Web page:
McCarty stated, “I’m pleased that 65 of my Assembly colleagues share my belief that Hope Yolo will help many people get well, become productive members of society, and stay out of the criminal justice system.”

The bill next moves to the Senate.

—David M. Greenwald reporting


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About The Author

David Greenwald is the founder, editor, and executive director of the Davis Vanguard. He founded the Vanguard in 2006. David Greenwald moved to Davis in 1996 to attend Graduate School at UC Davis in Political Science. He lives in South Davis with his wife Cecilia Escamilla Greenwald and three children.

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4 Comments

  1. Ron Oertel

    Despite the overwhelming support on the Assembly floor, there has been strong opposition in the reform community.

    I’ve come to believe that this is probably a “good sign” for whatever is being proposed.  Some might call that a learned bias.

    But hey, maybe this is a place that the police can deliver those “in crisis” to, or at least where they’d end up.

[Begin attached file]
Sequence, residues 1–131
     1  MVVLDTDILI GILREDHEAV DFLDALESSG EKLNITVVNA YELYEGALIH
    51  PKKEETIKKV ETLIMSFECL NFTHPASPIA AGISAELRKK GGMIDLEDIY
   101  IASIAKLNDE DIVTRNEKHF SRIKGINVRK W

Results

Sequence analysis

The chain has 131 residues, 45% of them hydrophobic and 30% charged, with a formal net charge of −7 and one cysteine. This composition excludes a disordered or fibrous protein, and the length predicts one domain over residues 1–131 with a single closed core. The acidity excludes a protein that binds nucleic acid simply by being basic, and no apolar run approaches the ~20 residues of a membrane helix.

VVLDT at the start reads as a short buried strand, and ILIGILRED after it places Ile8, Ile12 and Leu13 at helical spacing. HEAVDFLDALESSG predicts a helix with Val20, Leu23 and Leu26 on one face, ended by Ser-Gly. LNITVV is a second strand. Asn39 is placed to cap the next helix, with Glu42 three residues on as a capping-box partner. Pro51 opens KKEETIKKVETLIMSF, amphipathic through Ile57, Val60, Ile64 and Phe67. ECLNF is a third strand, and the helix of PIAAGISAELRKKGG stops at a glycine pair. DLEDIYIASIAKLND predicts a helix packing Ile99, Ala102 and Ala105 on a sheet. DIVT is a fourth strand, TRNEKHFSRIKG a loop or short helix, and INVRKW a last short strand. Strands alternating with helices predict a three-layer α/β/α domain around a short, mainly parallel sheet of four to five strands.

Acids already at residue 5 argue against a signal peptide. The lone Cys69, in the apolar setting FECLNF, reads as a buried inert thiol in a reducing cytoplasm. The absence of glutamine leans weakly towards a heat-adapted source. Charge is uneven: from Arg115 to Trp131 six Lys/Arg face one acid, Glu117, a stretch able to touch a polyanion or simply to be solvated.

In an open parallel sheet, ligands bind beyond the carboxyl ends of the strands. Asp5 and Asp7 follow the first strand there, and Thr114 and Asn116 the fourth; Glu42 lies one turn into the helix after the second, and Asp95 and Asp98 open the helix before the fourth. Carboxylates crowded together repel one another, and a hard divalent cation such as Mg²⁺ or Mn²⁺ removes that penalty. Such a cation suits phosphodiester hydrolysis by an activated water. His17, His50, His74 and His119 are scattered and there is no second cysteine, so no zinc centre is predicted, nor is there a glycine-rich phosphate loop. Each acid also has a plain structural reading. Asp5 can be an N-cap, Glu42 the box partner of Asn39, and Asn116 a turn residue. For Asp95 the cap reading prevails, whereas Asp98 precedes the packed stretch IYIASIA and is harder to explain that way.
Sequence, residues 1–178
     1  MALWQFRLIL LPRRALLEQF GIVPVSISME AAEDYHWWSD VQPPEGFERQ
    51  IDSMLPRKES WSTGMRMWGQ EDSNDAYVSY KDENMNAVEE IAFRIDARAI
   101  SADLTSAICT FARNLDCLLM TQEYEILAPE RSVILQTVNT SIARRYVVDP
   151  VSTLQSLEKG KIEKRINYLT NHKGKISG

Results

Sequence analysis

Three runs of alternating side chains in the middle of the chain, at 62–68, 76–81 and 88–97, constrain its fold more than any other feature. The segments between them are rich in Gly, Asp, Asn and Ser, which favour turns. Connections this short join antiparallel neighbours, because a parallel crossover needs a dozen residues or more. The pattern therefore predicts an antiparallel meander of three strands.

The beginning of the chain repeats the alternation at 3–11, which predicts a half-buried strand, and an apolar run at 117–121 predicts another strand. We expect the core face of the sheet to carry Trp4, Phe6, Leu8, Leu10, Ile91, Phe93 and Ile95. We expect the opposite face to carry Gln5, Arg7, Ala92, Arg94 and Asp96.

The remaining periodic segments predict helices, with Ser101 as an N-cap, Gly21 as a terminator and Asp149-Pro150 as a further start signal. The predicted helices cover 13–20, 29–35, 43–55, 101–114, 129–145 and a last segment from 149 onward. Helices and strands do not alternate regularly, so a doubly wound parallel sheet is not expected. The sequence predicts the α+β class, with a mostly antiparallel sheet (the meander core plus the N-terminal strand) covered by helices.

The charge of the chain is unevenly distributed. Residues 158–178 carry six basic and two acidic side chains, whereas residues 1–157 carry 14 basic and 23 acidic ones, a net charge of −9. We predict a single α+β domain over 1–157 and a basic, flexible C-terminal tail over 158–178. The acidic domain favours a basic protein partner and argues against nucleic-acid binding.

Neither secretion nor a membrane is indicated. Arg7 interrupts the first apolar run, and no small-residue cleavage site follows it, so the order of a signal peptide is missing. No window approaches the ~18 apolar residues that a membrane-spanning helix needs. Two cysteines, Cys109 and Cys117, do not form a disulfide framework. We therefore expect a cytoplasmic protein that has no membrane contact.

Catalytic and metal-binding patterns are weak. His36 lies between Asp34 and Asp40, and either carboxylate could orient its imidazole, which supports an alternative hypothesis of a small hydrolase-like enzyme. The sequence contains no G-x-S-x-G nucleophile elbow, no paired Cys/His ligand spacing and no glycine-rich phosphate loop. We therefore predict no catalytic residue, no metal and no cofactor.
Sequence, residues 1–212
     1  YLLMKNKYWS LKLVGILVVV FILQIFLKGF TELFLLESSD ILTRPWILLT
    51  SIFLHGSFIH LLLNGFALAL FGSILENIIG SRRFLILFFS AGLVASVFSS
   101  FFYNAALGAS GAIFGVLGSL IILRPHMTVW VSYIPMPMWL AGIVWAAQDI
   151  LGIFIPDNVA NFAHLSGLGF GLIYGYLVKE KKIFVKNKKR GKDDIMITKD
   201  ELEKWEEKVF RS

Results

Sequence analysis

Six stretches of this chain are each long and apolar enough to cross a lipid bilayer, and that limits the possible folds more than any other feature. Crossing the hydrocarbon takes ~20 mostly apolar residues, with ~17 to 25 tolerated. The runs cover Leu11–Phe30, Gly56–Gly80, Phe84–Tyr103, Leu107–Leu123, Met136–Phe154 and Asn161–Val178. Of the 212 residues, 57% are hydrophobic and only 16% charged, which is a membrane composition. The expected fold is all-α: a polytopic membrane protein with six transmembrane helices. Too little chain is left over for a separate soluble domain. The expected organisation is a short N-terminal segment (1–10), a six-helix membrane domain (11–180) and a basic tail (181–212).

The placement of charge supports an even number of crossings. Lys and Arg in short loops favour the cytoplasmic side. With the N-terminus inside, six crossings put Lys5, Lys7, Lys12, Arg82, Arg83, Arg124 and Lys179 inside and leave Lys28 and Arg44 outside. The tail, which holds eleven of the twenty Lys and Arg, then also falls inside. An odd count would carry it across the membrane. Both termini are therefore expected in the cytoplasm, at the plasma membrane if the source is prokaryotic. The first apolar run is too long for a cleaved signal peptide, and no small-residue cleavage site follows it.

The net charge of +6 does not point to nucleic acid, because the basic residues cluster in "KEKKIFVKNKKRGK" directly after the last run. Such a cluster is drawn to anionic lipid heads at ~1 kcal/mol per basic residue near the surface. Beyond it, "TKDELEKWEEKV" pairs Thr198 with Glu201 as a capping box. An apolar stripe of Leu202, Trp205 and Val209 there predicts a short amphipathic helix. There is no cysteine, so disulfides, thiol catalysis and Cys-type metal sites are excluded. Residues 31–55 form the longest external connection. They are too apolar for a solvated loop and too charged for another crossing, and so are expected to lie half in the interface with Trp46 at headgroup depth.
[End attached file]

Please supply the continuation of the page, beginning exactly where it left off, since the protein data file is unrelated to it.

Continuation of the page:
2. Alan Miller

    Look at the bright side:  the reform community has found a new allie in Republican Health Flora.  Maybe pick up the phone and have a chat ‘across the aisle’.

  3. Richard_McCann

    Staff at times doesn’t seem to anticipate well what will be controversial and what is pro forma. 

    This is the crux of the problem. The City staff can be tone deaf on too many issues, and it doesn’t take seriously enough the issues raised by citizens. Too often staff management has taken the attitude that they know better than citizens. City staff is not composed of all knowing experts, and the fact is in Davis the citizens who speak out are often more expert on a topic that staff.

    Regardless of level of expertise, staff should be taking seriously any comments and concerns by citizens. When responding to those comments and concerns, staff should be either making changes to accommodate them (since staff obviously works for citizens) or clearly explaining and documenting why the staff chose to demure on choosing a suggested path. Especially when a proposed change is made by a commission, the burden of proof to not take the suggested action should rest with the staff because commissioners are chosen to reflect both professional expertise and the composition of city stakeholders. Staff should never be able to override a commission recommendation without substantial evidence that goes beyond “we’ve always done it this way” (and unfortunately there have been several recent occurrences where staff acted contrary to the expertise of a commission.)

  4. Richard_McCann

    My understanding is that this bill faces a rough ride in the Senate and many Assemblymembers gave this bill a “courtesy yes” to please the author.